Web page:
Mask up and play on

Face coverings are required in order for fall sports to continue


Cheryl Kramolisch

Junior Ava Rongisch and senior Madi Warren look up at each other while wearing a mask. They stood on the softball field getting ready to play. “When it is hot out, the gator mask does get pretty sweaty,” junior Ava Rongisch said. “Also, when we are done running and have to put up our mask it makes it a little hard to breathe. We all know it’s for our safety.”

Camille O'Neill, Staff Reporter

COVID-19 has impacted every part of our lives, including high school sports. In March, the NSAA canceled all spring sports because they felt it wasn’t safe to play them. They didn’t know a lot about the virus at the time.

 They don’t want fall athletes to go through the same experiences spring athletes did, especially those who are seniors. In order for fall sports to happen, the Nebraska School Activities Association stated that masks would have to be worn at all times. In addition to players and coaches wearing masks, spectators who attend events also have to wear masks at all times. The NSAA made their decision based on the CDC guidelines. The CDC recommends people over 2 years old should wear masks at all times in public places to stop the spread. 

Masks are required at all times when athletes are practicing or playing. Some athletes are okay with wearing masks, as long as they get to play. Each athlete can have six family members attend, and they have to wear masks, too. Some athletes are okay with wearing masks. 

“It’s not as bad as you think,” junior varsity softball player Ava Rongisch said. “We wear gator masks, so it hangs around our neck, and we put it up on our nose when we are in the dugout or in a huddle.”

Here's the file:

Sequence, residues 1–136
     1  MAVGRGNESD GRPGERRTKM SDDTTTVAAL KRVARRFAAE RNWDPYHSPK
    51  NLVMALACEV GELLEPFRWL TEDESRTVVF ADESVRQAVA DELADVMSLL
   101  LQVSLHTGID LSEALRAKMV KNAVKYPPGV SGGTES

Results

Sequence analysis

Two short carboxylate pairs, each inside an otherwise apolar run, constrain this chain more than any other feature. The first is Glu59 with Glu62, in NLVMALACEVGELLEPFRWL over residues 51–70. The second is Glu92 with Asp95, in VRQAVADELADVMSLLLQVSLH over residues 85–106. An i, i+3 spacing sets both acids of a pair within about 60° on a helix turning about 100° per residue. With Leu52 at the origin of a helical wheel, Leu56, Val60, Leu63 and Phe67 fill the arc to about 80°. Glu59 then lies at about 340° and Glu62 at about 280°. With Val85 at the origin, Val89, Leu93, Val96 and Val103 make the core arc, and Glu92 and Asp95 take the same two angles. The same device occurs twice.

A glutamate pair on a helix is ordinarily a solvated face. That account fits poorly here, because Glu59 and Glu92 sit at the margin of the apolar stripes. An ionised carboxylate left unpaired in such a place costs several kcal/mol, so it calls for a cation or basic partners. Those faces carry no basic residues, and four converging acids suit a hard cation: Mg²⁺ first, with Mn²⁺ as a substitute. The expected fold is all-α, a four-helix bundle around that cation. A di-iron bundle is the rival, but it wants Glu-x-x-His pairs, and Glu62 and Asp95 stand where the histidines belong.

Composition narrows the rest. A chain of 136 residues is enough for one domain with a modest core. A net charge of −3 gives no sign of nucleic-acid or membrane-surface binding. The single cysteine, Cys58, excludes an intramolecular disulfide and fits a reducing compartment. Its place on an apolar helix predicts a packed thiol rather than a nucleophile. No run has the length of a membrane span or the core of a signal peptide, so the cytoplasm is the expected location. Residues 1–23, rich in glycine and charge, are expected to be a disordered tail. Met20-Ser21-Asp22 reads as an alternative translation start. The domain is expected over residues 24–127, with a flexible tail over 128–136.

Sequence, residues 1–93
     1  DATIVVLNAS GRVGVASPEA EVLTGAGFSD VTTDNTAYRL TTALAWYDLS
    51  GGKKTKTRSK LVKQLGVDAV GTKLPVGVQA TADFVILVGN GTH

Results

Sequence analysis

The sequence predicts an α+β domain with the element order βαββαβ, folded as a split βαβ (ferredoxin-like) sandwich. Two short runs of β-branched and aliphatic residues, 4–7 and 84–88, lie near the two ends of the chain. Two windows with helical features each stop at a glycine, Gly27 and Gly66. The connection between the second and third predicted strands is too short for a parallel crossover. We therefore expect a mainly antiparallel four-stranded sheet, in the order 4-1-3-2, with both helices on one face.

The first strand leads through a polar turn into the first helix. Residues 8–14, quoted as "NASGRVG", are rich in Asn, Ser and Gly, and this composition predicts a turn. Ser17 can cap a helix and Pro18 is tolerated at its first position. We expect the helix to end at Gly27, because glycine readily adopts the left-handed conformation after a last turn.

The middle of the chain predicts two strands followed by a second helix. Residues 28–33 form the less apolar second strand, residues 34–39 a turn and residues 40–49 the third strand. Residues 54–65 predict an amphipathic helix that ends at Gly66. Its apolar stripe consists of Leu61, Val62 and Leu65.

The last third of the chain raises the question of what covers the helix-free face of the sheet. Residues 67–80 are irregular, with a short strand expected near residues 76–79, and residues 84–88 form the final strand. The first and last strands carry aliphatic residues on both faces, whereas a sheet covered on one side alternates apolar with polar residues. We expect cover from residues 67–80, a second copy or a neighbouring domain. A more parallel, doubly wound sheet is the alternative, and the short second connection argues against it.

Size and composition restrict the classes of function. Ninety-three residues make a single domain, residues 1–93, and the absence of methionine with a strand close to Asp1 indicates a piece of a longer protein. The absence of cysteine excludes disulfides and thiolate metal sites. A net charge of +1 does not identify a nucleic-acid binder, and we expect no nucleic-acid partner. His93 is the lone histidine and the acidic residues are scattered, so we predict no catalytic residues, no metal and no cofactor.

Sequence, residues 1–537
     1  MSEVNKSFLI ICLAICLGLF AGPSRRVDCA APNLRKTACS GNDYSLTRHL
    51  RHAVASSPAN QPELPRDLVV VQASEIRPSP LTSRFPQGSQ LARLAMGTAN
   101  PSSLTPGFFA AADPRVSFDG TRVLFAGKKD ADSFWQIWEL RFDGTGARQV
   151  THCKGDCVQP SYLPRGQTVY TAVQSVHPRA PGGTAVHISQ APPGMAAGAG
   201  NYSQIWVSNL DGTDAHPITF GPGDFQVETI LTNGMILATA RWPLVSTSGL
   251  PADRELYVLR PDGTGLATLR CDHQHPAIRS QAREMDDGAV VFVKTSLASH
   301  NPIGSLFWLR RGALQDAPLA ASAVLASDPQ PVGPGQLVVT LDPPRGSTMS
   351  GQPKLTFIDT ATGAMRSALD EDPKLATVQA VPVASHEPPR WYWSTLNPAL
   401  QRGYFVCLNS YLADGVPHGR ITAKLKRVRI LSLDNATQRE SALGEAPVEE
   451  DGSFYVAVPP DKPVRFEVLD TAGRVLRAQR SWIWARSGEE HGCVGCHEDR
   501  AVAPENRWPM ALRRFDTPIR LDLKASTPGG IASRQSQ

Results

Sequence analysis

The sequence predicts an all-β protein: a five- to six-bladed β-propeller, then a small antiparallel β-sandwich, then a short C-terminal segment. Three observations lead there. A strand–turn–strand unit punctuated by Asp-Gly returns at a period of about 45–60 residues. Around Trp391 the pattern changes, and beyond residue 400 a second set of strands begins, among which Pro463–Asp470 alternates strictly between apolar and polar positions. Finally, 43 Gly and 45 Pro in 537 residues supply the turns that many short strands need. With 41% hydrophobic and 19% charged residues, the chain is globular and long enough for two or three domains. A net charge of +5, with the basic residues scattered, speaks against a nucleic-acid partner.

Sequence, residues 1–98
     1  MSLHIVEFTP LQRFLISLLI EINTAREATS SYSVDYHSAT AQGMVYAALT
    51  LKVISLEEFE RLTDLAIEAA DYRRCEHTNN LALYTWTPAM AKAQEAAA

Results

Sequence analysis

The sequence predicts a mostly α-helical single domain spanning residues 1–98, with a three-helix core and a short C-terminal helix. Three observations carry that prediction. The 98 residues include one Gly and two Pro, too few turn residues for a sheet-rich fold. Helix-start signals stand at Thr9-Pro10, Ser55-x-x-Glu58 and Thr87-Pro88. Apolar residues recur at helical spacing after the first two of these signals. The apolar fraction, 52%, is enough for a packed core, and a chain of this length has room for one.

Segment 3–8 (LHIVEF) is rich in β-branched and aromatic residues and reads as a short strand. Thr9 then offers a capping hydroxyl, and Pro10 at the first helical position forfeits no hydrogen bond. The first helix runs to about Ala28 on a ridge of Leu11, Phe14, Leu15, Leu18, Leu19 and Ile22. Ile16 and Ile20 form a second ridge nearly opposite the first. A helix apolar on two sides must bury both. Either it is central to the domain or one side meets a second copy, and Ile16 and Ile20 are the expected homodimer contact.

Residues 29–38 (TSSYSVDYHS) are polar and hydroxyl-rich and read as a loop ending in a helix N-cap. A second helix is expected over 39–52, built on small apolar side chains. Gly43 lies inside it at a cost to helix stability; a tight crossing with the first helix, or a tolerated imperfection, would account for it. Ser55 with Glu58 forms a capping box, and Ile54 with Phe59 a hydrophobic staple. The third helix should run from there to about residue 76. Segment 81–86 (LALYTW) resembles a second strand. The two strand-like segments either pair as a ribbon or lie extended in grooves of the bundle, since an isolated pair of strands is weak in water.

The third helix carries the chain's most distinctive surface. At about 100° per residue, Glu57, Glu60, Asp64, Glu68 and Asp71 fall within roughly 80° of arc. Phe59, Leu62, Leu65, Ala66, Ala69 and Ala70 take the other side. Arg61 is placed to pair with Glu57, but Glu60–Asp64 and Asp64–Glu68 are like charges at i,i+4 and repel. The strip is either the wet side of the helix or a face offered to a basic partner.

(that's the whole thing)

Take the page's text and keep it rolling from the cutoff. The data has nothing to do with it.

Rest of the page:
Playing with masks presents some physical challenges that athletes wouldn’t usually have. Oftentimes, the sounds are muffled through a mask. When an athlete sweats or gets hot, the athlete sometimes gets out of breath. 

“It makes it harder to breathe, sometimes you might get light headed,” senior varsity volleyball player Bridget Smith said. “It makes it harder to hear each other on the court.”

What COVID-19 does not change, according to some athletes, is the camaraderie of the team. They are still able to make friendships that last a lifetime.

“We are still the same team that we have always been,” Smith said. “COVID-19 doesn’t really affect how we play or our friendships and trust on the team.”

Another thing that’s different this season is not being able to shake hands after games. Athletes wave to show respect for the other team instead of shaking hands. This is a hard concept because they could have friends on the other team that they could usually give a hug. 

“Yes, not going all the way up to the net and having to stop at the ten foot line and wave is definitely a big difference,” junior varsity volleyball player Sadie Millard said. “I loved being able to high five people I knew on the other team.”

Athletes are definitely excited  to be back on the field again after not being able to play in the spring. They missed all of the time spent with their friends who are on their team. They also missed the opportunity to get better every day.